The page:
Skip directly to search Skip directly to A to Z list Skip directly to navigation Skip directly to page options Skip directly to site content

Child Abuse and Neglect: Risk and Protective Factors

A combination of individual, relational, community, and societal factors contribute to the risk of child abuse and neglect. Although children are not responsible for the harm inflicted upon them, certain characteristics have been found to increase their risk of being abused and or neglected. Risk factors are those characteristics associated with child abuse and neglect—they may or may not be direct causes.

Risk Factors for Victimization

Individual Risk Factors

  • Children younger than 4 years of age
  • Special needs that may increase caregiver burden (e.g., disabilities, mental health issues, and chronic physical illnesses)

Risk Factors for Perpetration

Individual Risk Factors

  • Parents’ lack of understanding of children’s needs, child development and parenting skills
  • Parental history of child abuse and or neglect
  • Substance abuse and/or mental health issues including depression in the family
  • Parental characteristics such as young age, low education, single parenthood, large number of dependent children, and low income
  • Nonbiological, transient caregivers in the home (e.g., mother’s male partner)
  • Parental thoughts and emotions that tend to support or justify maltreatment behaviors

Family Risk Factors

  • Social isolation
  • Family disorganization, dissolution, and violence, including intimate partner violence
  • Parenting stress, poor parent-child relationships, and negative interactions

Community Risk Factors

  • Community violence
  • Concentrated neighborhood disadvantage (e.g., high poverty and residential instability, high unemployment rates, and high density of alcohol outlets), and poor social connections.

Top of Page

Protective Factors for Child Maltreatment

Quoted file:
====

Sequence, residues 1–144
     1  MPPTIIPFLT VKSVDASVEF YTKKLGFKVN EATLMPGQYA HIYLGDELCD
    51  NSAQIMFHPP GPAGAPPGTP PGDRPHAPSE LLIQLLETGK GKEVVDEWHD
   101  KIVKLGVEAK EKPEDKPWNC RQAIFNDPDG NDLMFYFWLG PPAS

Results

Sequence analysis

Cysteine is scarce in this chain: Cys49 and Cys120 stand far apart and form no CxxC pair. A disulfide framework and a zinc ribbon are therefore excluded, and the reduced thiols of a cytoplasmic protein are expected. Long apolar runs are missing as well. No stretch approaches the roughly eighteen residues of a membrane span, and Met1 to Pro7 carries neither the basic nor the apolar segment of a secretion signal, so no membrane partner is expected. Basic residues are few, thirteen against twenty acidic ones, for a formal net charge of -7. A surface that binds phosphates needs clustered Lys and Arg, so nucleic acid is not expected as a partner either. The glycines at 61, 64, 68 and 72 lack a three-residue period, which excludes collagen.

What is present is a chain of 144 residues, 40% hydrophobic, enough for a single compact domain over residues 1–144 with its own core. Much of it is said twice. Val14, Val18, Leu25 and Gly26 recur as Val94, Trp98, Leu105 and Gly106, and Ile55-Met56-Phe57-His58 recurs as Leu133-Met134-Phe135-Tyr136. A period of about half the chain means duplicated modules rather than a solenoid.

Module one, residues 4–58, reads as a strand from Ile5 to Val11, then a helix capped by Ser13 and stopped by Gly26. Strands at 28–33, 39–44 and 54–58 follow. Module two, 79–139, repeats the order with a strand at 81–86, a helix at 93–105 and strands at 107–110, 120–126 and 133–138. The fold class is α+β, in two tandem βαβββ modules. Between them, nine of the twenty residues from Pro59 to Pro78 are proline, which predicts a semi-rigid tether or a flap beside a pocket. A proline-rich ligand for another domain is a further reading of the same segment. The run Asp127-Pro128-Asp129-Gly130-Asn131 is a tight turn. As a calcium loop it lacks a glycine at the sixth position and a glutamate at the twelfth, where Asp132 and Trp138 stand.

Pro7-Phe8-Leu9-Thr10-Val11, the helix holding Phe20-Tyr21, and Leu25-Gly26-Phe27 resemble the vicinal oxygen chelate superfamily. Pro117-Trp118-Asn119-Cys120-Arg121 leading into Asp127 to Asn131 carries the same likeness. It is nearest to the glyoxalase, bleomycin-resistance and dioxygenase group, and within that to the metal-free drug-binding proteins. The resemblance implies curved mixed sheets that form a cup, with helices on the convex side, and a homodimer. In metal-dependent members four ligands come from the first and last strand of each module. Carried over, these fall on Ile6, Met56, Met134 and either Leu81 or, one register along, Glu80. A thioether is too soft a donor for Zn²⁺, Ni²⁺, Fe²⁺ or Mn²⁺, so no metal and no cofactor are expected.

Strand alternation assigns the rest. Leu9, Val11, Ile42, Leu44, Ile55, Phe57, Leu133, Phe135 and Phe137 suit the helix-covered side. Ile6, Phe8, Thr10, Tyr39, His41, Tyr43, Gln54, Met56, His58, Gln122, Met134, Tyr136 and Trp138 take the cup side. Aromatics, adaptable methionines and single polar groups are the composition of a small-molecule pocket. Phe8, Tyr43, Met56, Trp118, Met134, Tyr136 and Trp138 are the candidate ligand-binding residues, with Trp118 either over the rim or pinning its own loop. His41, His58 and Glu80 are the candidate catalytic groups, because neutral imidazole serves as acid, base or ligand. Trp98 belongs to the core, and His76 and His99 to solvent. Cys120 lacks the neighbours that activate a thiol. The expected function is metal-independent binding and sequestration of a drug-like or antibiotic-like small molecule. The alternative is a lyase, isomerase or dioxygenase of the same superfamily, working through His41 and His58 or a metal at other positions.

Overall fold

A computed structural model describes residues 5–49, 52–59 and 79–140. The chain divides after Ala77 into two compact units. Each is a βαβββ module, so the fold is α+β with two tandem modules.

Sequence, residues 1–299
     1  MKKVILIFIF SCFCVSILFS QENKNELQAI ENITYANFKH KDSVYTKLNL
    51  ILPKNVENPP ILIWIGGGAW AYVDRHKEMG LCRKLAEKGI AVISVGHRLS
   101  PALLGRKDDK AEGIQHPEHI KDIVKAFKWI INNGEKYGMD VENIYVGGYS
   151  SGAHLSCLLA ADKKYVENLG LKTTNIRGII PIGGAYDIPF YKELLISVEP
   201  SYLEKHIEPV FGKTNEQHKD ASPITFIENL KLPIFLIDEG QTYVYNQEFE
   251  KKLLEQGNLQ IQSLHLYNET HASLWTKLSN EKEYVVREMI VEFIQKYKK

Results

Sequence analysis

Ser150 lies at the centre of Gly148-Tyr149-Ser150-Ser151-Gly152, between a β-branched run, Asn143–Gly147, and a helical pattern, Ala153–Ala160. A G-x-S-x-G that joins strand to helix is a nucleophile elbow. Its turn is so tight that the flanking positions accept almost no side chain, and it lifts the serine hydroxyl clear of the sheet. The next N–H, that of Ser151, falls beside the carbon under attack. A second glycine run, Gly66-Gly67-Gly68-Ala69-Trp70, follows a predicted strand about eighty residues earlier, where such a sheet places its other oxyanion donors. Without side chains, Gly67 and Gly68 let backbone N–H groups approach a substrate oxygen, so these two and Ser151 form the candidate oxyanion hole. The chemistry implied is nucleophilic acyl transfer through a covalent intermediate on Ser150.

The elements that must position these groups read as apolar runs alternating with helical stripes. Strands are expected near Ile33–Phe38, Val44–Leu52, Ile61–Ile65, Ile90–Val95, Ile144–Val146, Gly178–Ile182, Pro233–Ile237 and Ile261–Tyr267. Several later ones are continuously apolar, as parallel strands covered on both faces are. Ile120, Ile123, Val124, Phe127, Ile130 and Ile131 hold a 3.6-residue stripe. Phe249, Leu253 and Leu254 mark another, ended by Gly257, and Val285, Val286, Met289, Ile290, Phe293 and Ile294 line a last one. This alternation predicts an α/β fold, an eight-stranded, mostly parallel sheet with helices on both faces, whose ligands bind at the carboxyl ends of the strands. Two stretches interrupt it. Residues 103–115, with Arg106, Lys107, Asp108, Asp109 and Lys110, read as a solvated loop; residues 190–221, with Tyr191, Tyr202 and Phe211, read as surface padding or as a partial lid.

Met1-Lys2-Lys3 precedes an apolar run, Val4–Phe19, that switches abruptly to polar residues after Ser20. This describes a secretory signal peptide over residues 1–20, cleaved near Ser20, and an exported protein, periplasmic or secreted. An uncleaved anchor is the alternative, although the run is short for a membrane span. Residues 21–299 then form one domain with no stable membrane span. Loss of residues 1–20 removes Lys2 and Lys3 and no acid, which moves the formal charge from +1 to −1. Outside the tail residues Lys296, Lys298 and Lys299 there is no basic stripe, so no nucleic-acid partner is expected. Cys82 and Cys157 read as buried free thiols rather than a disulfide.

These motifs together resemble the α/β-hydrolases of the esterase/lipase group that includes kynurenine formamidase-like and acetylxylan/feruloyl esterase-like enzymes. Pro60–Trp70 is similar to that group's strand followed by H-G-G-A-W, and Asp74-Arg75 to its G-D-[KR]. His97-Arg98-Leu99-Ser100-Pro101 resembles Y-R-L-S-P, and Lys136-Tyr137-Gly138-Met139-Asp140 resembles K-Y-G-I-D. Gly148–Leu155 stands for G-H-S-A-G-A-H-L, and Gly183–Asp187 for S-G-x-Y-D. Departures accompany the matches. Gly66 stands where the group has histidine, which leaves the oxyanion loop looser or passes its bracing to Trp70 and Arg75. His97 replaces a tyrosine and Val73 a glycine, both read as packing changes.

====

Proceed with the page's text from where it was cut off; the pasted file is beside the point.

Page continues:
Protective factors buffer children from being abused or neglected. Protective factors have not been studied as extensively or rigorously as risk factors. However, identifying and understanding protective factors are equally as important as researching risk factors.

There is scientific evidence to support the following protective factors:

Family Protective Factors

  • Supportive family environment and social networks
  • Concrete support for basic needs
  • Nurturing parenting skills
  • Stable family relationships
  • Household rules and child monitoring
  • Parental employment
  • Parental education
  • Adequate housing
  • Access to health care and social services
  • Caring adults outside the family who can serve as role models or mentors

Community Protective Factors

  • Communities that support parents and take responsibility for preventing abuse

Top of Page

Additional Resources

  • Adverse Childhood Experiences (ACE) Study
    The ACE Study examines the links between adverse childhood experiences including child abuse, neglect, and various household challenges, and adult health.
  • Child Maltreatment 2016
    This annual report, created by the U.S. Department of Health & Human Services Children’s Bureau, presents national data about child abuse and neglect known to child protective service agecies.
  • National Scientific Council on the Developing Child
    The National Scientific Council on the Developing Child is a multidisciplinary collaboration comprising leading scholars in neuroscience, early childhood development, pediatrics, and economics.

Top of Page